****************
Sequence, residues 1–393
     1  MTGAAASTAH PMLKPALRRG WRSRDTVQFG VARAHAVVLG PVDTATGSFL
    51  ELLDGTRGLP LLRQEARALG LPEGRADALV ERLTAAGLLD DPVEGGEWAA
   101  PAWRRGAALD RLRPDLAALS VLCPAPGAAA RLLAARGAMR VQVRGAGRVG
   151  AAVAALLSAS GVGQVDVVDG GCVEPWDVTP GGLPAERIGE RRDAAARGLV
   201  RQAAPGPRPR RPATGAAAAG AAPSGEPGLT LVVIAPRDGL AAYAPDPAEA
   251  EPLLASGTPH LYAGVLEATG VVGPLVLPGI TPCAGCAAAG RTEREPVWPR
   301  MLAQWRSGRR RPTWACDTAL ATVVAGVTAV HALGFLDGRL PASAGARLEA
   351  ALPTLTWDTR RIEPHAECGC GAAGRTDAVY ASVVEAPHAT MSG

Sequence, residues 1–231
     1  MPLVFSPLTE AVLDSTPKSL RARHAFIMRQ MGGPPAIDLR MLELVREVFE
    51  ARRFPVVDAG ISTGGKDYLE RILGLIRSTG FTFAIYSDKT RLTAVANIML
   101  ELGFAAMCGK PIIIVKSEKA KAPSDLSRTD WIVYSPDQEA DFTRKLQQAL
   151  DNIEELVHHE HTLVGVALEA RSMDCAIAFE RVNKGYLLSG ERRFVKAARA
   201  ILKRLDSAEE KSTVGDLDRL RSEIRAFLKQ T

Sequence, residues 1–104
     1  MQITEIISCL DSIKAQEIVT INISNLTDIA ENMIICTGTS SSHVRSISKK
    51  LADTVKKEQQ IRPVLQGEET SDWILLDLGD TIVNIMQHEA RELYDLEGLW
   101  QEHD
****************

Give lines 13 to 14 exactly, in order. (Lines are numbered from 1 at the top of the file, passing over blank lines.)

   101  ELGFAAMCGK PIIIVKSEKA KAPSDLSRTD WIVYSPDQEA DFTRKLQQAL
   151  DNIEELVHHE HTLVGVALEA RSMDCAIAFE RVNKGYLLSG ERRFVKAARA